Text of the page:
New York Rising: Music From the 1930s
Friday, May 15, 2020 - 9:30 a.m. to 3:30 p.m.
Cab Calloway, ca. 1933, by Carl Van Vechten (Library of Congress)
In defiant answer to the Crash of 1929, New York City produced a spectacular decade of music. In a lively and engaging day, music expert Saul Lilienstein, a born-and-bred New Yorker, leads a musical journey that encompasses the emotion-filled sounds of the Great Depression to Gershwin and Copland shaking off the blues; extravaganzas at the Cotton Club in Harlem to the avant-garde of Greenwich Village; the optimistic joy of Swing to Arturo Toscanini in residence at Carnegie Hall and NBC’s fabled Studio 8H in Radio City. Over the airwaves, the sound of music from New York spread across the nation, defining the era for all of America.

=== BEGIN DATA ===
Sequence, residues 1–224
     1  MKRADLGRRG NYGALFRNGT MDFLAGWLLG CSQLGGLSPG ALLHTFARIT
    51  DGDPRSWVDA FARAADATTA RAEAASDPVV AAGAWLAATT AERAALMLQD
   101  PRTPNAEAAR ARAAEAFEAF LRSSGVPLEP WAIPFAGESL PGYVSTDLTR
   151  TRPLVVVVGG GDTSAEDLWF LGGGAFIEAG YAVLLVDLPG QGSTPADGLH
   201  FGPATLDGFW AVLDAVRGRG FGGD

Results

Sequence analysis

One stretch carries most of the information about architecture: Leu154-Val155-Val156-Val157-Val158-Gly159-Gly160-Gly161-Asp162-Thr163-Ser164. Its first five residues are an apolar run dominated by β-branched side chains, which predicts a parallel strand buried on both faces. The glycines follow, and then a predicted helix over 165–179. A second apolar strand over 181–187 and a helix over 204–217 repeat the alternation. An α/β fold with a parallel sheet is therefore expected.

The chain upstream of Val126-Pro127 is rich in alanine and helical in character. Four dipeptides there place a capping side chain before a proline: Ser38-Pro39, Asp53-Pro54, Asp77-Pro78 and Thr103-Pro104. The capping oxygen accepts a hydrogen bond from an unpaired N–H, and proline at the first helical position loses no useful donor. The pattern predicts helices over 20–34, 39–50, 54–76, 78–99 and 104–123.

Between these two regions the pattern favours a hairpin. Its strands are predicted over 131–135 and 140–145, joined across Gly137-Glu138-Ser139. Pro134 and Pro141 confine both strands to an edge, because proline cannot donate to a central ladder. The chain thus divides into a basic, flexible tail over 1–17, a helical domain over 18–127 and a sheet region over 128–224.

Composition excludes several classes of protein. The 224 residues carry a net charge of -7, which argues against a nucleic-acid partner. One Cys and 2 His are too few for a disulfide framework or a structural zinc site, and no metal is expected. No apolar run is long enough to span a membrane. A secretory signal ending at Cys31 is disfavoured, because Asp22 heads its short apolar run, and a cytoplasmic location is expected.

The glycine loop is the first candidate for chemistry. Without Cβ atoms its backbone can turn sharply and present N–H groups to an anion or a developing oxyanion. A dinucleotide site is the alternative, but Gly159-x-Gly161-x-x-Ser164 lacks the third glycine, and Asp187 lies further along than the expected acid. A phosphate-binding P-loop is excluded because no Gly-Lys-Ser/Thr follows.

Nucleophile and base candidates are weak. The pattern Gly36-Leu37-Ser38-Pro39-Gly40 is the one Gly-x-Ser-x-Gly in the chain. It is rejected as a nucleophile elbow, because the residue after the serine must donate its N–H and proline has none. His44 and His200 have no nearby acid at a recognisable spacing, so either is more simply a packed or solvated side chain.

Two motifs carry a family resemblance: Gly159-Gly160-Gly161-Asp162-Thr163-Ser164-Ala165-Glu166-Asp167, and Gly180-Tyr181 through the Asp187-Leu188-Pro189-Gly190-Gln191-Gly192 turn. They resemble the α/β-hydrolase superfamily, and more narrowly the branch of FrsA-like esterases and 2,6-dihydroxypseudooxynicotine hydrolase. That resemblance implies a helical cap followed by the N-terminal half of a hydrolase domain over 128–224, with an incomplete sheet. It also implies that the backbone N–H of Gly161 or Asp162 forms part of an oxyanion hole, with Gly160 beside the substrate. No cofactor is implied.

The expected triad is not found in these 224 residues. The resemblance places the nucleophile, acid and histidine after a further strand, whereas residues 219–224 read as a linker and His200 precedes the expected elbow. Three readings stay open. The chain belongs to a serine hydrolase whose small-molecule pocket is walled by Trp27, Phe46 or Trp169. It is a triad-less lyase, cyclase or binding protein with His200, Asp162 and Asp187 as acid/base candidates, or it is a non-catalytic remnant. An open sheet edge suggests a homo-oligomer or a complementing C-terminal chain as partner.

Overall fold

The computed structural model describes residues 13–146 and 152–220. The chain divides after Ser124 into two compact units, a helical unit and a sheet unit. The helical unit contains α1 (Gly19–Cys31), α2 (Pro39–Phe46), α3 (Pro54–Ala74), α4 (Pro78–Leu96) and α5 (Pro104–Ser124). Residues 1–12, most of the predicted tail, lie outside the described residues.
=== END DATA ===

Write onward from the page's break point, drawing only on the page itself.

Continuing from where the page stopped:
9:30 a.m.–12 p.m. Escaping the Realities
Uptown, music of the Harlem Renaissance survived and thrived under Duke Ellington and Cab Calloway. Broadway rebounded with fascinating rhythms from George Gershwin and Cole Porter. Aaron Copland invented an American sound for the concert hall, while below 14th Street a bohemian hothouse was created by Henry Cowell, center of a circle of notable proteges and friends that would include fellow composers John Cage and Lou Harrison and dancer Merce Cunningham.
12–1 p.m. Lunch (participants provide their own)
1–3:30 p.m. The Sound of Optimism
It was a golden age at the Metropolitan Opera, and America’s own opera, Porgy and Bess, premiered on Broadway. Though most of film industry had decamped to Hollywood with the talkies, the New York–based Fleisher Studios run by brothers Max and Dave created a series of sound films that merged jazz with comic and ribald results. Everyone had a radio now: Paul Robeson’s bass voice was as familiar as Cosby’s baritone, and Count Basie, Benny Goodman, and Arturo Toscanini became household names.
S. Dillon Ripley Center
1100 Jefferson Dr SW
Metro: Smithsonian (Mall exit)